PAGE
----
Sunday, July 27, 2014

League of Nations

The Covenant forming the League of Nations was part of the Treaty of Versailles and came into force in
1920.

Given the times and the parties involved, membership was turbulent. Following are the countries with the year they joined (details of leaving and/or returning not given here)

1919
1920
1921
1923
1931
1932

Thursday, July 17, 2014

Losses and Discoveries

While there is no shortage of ignorance and indifference, there is no doubt that we have an impact with extinction and new discoveries.

As long as we preserve our old growth forests and wilderness we will also continue to discover new plants.

Sunday, June 29, 2014

Built environment

I'm not as convinced by megalopolises. They don't even have to be on a common landmass; if you go wide enough, the Blue Banana contains Manchester and Amsterdam. Exhibit B appears when you realise what 'East Coast' denotes; you may have to refine your search to find an entry on this banal sounding stretch but when you do, you realise they mean our East Coast (and you don't get Europe when you search for 'Green Banana' or 'New Banana')

Anyone whose driven the couple of thousand kilometres covered by this designation will start to think that megalopolis must have a very loose definition. It covers Melbourne-Geelong up to Sydney-Newcastle and on to South East Queensland (SEQ) which links the Gold Coast and Sunshine Coast with the capital Brisbane. SEQ has been coined the 200 km city or 'Noosangatta' (Noosa-Coolangatta)

Sunday, June 15, 2014

Stan Lee

I got my photo taken with Stan Lee

Wednesday, June 11, 2014

Mrs Megalopolis

So we've dissected and bisected the single cities and teeming surrounds. We finish at the megalopolis - a clustered network of cities.

Greater Cairo
The Gauteng City Region
The region in Morocco including El Jadida-Casablanca-Rabat-Sale-Kenitra 

Pearl River Delta
Yangtze River Delta  
Bohai Economic Rim 
Central Plain
The central Liaoning city cluster  
Northeastern cities or the Harbin-Changchun Area
Sichuan Basin
Greater Wuhan Megalopolis
Guanzhong
Greater Changsha Metropolitan Region

Taiheiyo Belt

Seoul National Capital Area
Southeast Economic Belt

West Bengal-Parnas-Kolkata-Murshidabad
Indo-Gangetic-Brahmaputra Plain Megalopolis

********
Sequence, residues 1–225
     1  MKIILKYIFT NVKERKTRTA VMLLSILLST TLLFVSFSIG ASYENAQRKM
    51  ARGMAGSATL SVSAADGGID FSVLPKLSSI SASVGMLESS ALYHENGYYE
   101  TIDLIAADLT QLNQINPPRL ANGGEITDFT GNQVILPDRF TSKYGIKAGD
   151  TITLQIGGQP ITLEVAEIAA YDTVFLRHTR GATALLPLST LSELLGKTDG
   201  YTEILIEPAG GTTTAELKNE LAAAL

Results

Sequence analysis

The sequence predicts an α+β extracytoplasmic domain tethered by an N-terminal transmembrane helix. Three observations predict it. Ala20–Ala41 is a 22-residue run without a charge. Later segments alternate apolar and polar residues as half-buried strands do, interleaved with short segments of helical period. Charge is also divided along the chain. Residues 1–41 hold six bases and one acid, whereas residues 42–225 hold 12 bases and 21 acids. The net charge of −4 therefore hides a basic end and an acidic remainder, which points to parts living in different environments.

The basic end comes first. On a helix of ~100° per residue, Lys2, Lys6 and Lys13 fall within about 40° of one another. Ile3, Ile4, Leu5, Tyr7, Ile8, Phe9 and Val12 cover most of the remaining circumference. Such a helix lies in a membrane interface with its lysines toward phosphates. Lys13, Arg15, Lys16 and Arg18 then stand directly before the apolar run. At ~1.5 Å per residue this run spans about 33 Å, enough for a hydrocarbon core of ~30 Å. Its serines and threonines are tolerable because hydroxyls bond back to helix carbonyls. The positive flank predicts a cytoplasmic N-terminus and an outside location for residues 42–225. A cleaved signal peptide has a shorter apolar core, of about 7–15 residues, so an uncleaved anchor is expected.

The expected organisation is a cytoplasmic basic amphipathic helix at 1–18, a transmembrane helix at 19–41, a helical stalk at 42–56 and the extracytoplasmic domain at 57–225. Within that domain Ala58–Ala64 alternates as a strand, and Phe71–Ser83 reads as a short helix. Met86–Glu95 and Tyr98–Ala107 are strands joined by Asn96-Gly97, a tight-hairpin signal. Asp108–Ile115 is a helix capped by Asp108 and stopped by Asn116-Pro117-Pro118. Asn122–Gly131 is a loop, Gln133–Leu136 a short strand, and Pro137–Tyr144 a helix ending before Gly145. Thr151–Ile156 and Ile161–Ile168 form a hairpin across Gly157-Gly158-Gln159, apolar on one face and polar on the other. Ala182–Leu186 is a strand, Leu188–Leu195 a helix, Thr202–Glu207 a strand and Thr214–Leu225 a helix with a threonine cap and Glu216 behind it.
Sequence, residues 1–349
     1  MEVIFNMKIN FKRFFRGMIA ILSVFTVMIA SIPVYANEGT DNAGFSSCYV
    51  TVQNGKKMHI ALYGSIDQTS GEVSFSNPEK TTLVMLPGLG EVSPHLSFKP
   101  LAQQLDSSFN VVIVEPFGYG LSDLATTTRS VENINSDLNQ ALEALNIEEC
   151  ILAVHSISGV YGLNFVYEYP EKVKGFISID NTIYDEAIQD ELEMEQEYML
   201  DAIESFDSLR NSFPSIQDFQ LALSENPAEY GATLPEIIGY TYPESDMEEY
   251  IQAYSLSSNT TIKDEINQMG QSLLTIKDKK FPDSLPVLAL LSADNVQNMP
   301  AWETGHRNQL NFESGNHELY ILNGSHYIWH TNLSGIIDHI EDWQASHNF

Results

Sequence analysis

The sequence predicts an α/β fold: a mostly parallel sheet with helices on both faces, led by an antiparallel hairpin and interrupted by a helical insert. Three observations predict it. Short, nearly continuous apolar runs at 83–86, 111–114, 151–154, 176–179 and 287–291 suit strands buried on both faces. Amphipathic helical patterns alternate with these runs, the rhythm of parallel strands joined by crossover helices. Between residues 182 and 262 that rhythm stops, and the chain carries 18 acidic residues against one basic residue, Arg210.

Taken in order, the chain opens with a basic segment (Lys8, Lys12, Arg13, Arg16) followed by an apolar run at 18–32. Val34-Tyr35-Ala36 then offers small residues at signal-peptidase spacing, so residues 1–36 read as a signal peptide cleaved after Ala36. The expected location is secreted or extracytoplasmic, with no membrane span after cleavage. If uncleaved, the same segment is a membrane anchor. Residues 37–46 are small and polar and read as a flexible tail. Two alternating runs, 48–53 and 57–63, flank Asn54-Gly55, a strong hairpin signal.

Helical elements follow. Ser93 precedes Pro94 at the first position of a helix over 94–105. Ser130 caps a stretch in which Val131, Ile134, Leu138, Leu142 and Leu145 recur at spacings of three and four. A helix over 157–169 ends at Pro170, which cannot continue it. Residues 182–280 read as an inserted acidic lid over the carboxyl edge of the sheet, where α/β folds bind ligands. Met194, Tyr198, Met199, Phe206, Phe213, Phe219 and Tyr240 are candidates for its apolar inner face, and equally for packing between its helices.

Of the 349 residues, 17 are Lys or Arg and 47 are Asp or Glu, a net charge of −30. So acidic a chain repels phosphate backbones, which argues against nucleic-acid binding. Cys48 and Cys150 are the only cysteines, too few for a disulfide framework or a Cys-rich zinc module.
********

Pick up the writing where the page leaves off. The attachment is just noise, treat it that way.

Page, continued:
S. India
Maharashtra
Gujarat

Greater Tehran

Western Java
Central Luzon
Central Thai
Central Java
East Java
Malaya
Sijori
Mekong Delta
Red River Delta

"Blue Banana" (also known as Hot Banana, Dorsal, European Megalopolis or European Backbone)
"Golden Banana" (also known as European Sunbelt or BarceLyon)
"Green Banana" (also known as Central Banana,Young Banana, New Banana, North Poland-Centrope-Adriatic or Vistula-Danube Economic River)
Quebec City - Windsor Corridor

Bajio
Greater Mexico City

Arizona Sun Corridor
Cascadia
Florida
Front Range
Gulf Coast
Great Lakes
Northeast
Northern California
Piedmont Atlantic
Southern California
Texas Triangle

East Coast

Lima-Callou Megalopolis
Rio-Sao Paulo Megalopolis
Expanded metropolitan complex of Sao Paulo

Sunday, May 18, 2014

Masses; tired, huddled or otherwise

There are thirty megacities, scaling down from Tokyo at the top to Tianjin at 10.6 million just squeezing in.
The other Japanese megacity is Osaka at fifteenth position with 16.8 million population.

There are five megacities in China, three in India and two in the United States.

Seventeen capitals are classed as megacities; actually I think I miscounted and its eighteen. Hey, if Wikipedia contributors can do it, so can I.

Megacities not mentioned or referenced in this discussion thusfar include Cairo (16.1 million), London (15.5 million), Buenos Aires (14.5 million), Bangkok (14.5 million), Istanbul (13.8 million), Lagos, (13.2 million)  Tehran (13.2 million), Rio de Janiero (12.9 million), Rhine-Ruhr (12.19 million), Shenzhen (11.7 million) and Paris (10.7 million).


Thursday, May 15, 2014

Cities still

After the unsettling certification of a city proper, I've been on a search to see what other categories shine a streetlight on built-up areas. Metropolitan areas are difficult to measure but are roughly designated as including the labor market area and the surrounding commute, with the caveat that the surrounding region must be of minimal agricultural focus, and include a large number of commuters into the main urban area.

Despite this sub-sophistry, the most populated metropolitan areas are much the same as the most populated cities, only in a slightly different order. Tokyo is the largest and the two not figured in 'cities with the highest population' are Mumbai (20,748,395) and Osaka-Kobe-Kyoto (19,342,000)

II

Here's a word you don't hear every day: agglomeration. An agglomeration is a large group or pile of different things, but in an urban planning sense, an urban agglomeration is 'the population contained within the contiguous territory without regard to administrative boundaries or commuter flows' according to Wikipedia. So it does not even have the restriction in definition of a 'metropolitan area'
Urban agglomeration   
Population
Tokyo36,933,000
Delhi NCR21,935,000
Mexico City20,142,000
New York-Newark20,104,000
Sao Paulo19,649,000
Shanghai19,554,000
Mumbai19,422,000
Dhaka15,391,000
Beijing15,000,000
Kolkata14,283,000

III

I was going to condense all the population aggregation into one thread but I've encountered a setback: I've seen my Wikipedia source virtually change before my eyes so what you see is a 'before' snapshot. Okay, maybe I won't attempt conurbation but before I go on with the other significant measures, I need to take stock of what changes have been made around me.